Feature: The need to integrate social care with the planning sector

Christopher Collett, Associate at Carter Jonas London explains why the government must integrate social care with housing, health and the planning sector too.

Last month, the Government published its long-awaited Social Care White Paper, People at the Heart of Care.

The White Paper recognises the crisis that the social care sector faces, but despite a £300m commitment for housing, it was widely criticised.

Hugh Alderwick, head of policy at The Health Foundation stated that it ‘falls well short of what is needed to deliver the prime minister’s promise to ‘fix’ social care once and for all’ and former health secretary Jeremy Hunt berated his own Party’s policies for taking ‘three steps forward, two steps back’.

The White Paper’s emphasis on housing is specifically focused on supporting care in individuals’ homes.

A new service is planned, to make minor repairs and changes to people’s homes to help them remain independent at home, and an increase to the upper limit of the Disabled Facilities Grant for home adaptations such as stairlifts, wet rooms and home technologies is intended to ensure that more care is provided at home.

top-view photography of houses at daytime

In fact, the White Paper goes as far as stating that its objective is to ‘shift away from a reliance on residential care’. While this approach is undoubtedly good news for many, it raises concerns in relation to the already unprecedented shortage of residential social care provision which is often the only option for those most in need of care.

Not only is funding for such schemes threatened, but planning policy also has the effect of thwarting much needed social care provision. Recently amendments to the Town and Country Planning (Use Classes) Order have allowed for greater change of use between use classes, in creating the all-encompassing Class E.

This not only allows for change of use between a wide range of ‘commercial, business and services’ (those as diverse as offices, health centres, creches, gyms and even light industrial use) but also allows for these uses to be converted to homes under Permitted Development Rights.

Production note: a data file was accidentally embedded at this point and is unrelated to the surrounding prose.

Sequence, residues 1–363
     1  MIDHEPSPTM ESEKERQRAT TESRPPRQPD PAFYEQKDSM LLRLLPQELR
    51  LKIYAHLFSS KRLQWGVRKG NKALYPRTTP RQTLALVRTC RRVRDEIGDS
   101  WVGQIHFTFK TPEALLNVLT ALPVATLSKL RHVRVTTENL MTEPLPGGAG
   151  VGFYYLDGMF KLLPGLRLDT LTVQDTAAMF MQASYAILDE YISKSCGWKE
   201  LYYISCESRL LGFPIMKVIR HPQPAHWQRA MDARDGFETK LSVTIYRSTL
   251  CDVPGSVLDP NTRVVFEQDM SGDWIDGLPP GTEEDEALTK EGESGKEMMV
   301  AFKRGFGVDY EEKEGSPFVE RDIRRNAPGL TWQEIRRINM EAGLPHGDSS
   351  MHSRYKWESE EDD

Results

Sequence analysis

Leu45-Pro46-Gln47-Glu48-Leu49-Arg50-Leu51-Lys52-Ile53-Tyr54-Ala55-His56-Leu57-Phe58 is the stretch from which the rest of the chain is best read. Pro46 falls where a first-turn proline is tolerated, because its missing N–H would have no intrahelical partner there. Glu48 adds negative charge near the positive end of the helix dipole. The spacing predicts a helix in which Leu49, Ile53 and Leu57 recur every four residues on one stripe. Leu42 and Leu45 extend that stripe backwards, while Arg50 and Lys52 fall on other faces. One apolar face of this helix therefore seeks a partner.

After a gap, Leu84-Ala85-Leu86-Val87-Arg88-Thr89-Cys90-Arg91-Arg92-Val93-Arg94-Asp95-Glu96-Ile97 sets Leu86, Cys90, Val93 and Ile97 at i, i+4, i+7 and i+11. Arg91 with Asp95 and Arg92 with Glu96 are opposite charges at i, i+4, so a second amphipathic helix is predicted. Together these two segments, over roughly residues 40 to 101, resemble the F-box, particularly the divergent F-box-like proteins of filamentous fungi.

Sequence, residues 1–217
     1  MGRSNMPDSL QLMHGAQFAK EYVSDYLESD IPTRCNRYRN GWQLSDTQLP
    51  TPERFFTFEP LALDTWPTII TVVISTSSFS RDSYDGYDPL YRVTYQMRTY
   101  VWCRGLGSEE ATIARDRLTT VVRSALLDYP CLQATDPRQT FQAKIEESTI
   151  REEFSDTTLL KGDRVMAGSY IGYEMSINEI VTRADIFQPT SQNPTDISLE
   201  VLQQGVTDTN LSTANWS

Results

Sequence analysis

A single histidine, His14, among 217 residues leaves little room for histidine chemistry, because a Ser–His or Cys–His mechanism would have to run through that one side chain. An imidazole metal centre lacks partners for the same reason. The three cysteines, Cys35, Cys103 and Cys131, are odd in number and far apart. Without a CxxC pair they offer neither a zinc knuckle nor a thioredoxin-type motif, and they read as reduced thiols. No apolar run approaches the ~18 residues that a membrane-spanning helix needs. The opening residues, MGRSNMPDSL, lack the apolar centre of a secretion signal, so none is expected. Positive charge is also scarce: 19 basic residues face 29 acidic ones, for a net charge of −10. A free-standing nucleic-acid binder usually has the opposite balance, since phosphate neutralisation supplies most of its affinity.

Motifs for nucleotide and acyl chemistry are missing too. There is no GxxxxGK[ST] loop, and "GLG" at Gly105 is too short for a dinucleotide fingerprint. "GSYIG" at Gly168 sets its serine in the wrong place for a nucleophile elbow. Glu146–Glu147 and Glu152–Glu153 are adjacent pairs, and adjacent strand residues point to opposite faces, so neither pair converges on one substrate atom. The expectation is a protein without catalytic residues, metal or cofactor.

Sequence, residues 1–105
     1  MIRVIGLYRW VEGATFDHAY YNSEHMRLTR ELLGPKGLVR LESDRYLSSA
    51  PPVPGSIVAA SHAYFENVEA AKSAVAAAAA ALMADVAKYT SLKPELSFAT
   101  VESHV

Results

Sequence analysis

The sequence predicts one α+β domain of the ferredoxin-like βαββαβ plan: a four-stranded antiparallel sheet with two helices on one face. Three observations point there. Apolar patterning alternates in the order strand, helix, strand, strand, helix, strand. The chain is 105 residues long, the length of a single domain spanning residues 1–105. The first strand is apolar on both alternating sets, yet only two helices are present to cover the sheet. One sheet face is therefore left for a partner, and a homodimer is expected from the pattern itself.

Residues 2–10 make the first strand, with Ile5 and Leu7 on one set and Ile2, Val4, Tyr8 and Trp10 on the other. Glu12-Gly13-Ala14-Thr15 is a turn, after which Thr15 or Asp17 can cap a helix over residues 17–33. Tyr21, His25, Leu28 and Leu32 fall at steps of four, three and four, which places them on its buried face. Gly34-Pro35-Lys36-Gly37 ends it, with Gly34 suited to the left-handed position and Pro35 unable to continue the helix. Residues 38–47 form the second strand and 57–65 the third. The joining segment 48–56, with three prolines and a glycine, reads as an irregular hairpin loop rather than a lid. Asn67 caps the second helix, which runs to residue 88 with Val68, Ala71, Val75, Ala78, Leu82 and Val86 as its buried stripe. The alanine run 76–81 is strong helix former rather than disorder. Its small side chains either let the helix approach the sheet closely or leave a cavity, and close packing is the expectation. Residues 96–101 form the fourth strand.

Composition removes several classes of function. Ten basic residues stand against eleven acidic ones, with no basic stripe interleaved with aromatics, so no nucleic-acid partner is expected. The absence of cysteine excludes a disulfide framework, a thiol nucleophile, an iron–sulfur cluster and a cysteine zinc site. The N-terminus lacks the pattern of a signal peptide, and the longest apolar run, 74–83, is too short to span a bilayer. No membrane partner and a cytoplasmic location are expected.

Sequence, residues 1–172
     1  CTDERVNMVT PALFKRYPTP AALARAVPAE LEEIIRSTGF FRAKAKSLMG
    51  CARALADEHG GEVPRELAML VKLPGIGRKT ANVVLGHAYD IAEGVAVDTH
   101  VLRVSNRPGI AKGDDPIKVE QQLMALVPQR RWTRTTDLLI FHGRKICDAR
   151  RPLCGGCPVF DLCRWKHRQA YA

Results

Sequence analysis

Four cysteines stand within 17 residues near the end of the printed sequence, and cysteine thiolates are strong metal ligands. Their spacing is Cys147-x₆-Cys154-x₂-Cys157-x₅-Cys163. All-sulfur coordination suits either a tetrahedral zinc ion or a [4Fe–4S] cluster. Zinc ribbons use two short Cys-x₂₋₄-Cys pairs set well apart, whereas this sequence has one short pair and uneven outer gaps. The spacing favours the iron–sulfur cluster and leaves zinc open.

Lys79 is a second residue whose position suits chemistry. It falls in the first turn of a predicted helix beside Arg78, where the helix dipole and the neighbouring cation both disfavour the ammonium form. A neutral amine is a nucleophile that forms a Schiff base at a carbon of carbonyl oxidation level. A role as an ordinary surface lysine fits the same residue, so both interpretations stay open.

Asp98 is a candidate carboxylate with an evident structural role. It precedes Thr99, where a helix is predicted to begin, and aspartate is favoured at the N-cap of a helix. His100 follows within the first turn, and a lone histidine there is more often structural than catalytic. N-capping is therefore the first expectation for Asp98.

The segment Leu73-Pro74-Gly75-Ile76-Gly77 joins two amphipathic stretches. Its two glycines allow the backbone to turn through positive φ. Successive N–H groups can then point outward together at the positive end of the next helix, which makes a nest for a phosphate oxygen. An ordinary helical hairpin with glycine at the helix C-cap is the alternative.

But the provision of care homes continues to be restricted by the planning system and the continued lack of clear, local planning policy direction. When Planning Use Classes were amended to allow considerably more flexibility, Use Class C2, under which residential care homes fall (along with hospitals, nursing homes, boarding schools, residential colleges and training centres) remains a narrow use class. The Use Class system still fails to recognise the wide variety of residential care models that are now available.

Class E was clearly a response to the ‘perfect storm’ that was engulfing the high street: not only the pandemic but also the long-term effects of out-of-town retail parks and online shopping.

Back in 2018, the retail expert Bill Grimsey published The Vanishing High Street which concluded that high streets could no longer rely solely on retail and that they ‘need to be repopulated and re-fashioned as community hubs, including housing, health and leisure, entertainment, education, arts, business/office space and some shops’.

Post-pandemic, that argument is stronger than ever. And yet while medical/health services and day centres are seen as benefiting the high street, social care and retirement homes are not. The refusal, in October 2020, to allow Guild Living to build 222 retirement homes in Walton on Thames town centre suggests that some local authorities and communities are yet to be convinced of these benefits: the planning application was rejected on the basis that the development would damage the vitality of the town centre.

More specifically, the LPA stated that, ‘The proposed development fails to make efficient use of land by providing the type of accommodation (C2 Use Class) for which there is no short or medium-term need,’ and that, ‘The application fails to demonstrate whether any alternative mixed-use would be viable and feasible to support diversity in the town centre…it fails to add to the centre’s competitiveness and would undermine the vitality and viability of the town centre.’

At the time of the decision, the developer accused the Council of ageism, winning support from Age Concern, and in June 2021 Guild Living won an appeal on the basis of the social, economic and environmental benefits that the scheme would bring, along with its significant contribution to the supply of housing and specialist accommodation both locally and nationally.

The benefits of providing residential homes and housing in sustainable locations are multiple: for those who reside there and can enjoy both local amenities and essential facilities, but also for the town and city centres which benefit from the enhanced vitality and viability that such schemes bring.

The recent Social Care White Paper committed to a ‘joined-up way to deliver the best possible outcomes for their communities.’ In his seminal research paper on the retirement sector Too little, Too Late? Housing for an ageing population, Les Mayhew, Professor of Statistics at Cass Business School calls for a more ‘joined-up approach between departments dealing with housing and health’.

The Government’s investment in social care is of course welcomed, but to be successful the approach must be joined up – not only within housing, health and social care, but with the planning sector too.


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